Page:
NEW YORK — America had around 5.75 million job openings in March. That’s just shy of the all-time high, 5.78 million openings, set last July, according Labor Department data published Tuesday.
It’s great that U.S. businesses are hiring. But these record number of openings are also a sign that business owners can’t find the skilled workers qualified to fill the jobs they have.
“Employers are having a tougher time finding qualified workers,” says Peter Boockvar, chief market analyst at the Lindsey Group.
Since November, the number of job openings has increased for five straight months. In 2007, before the Great Recession began, job openings averaged 4.5 million per month. Last year there were 5.3 million openings per month on average.
The job skills gap is a major reason why there are still high levels of part-time workers and underemployment in the U.S. economy today. It’s why many Americans feel disgruntled about the economy.
With a historically high level of underemployment, where workers’ skills don’t match their jobs, their wages haven’t increased much overall during the economic recovery since the recession.
U.S. officials are trying to address the jobs skills gap. President Obama pledged $175 million in grants towards apprenticeship programs last year, the highest federal commitment ever. Last week during a panel discussion at the Milken Global Conference in Los Angeles, four U.S. governors lamented how hard it is to find skilled workers.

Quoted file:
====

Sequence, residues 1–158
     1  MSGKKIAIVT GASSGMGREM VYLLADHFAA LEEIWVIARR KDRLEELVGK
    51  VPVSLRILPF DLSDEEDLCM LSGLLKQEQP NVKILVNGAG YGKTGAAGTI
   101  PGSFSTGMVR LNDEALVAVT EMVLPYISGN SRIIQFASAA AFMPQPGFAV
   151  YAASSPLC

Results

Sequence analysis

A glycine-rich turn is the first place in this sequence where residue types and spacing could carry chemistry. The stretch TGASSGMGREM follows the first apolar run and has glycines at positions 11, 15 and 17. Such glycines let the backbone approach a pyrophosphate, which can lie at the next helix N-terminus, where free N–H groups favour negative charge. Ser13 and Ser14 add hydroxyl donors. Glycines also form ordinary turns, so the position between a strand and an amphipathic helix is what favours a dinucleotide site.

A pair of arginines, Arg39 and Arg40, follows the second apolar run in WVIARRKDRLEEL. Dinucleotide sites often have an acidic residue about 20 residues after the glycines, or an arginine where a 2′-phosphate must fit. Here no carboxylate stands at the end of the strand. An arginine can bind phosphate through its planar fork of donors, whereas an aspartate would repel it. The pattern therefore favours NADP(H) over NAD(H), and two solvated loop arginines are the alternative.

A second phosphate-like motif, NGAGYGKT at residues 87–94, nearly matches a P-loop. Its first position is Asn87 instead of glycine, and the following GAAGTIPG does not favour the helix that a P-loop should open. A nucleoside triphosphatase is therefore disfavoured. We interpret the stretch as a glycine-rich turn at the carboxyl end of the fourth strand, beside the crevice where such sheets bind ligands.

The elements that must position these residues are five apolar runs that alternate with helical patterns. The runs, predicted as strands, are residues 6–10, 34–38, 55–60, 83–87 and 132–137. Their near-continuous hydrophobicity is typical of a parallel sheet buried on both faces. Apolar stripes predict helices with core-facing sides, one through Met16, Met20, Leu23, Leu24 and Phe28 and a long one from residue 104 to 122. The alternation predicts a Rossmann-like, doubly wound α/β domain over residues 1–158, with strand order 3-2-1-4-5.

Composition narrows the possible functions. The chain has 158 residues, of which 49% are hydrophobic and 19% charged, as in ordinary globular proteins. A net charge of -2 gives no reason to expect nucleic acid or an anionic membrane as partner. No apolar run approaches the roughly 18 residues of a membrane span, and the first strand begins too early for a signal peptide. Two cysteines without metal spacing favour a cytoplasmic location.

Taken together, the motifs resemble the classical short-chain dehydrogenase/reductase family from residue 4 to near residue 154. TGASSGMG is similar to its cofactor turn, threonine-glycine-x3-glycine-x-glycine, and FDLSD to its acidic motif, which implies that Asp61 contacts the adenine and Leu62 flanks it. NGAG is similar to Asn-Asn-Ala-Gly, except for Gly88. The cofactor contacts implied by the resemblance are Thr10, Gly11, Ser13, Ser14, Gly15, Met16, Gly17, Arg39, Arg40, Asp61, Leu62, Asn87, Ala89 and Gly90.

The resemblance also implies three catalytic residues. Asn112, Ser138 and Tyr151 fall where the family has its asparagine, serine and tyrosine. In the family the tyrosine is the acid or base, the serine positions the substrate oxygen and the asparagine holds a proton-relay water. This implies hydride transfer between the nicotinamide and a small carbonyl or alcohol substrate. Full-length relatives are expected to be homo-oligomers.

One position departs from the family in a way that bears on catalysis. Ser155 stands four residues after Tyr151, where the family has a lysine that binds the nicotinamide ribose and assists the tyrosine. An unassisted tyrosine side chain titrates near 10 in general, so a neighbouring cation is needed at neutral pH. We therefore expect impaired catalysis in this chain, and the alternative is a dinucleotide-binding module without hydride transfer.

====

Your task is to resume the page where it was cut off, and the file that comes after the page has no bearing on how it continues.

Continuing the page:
“My number one problem in my state is workforce,” Republican Gov. Scott Walker of Wisconsin said.
Small businesses are feeling this. In April, 29% of small businesses said they weren’t able to fill open positions, matching the highest rate set over the last five years, according to a survey by NFIB, a small business trade group.
Bridging the skills gap is a mounting task: thousands of manufacturing and mining workers are also losing jobs, forcing them to try new skills. On top of that, many experts say that some employers’ expectations of prospective job candidates have risen to levels that are too high.
“No wonder help-wanted signs are everywhere,” says Chris Rupkey, chief financial economist at MUFG Union Bank.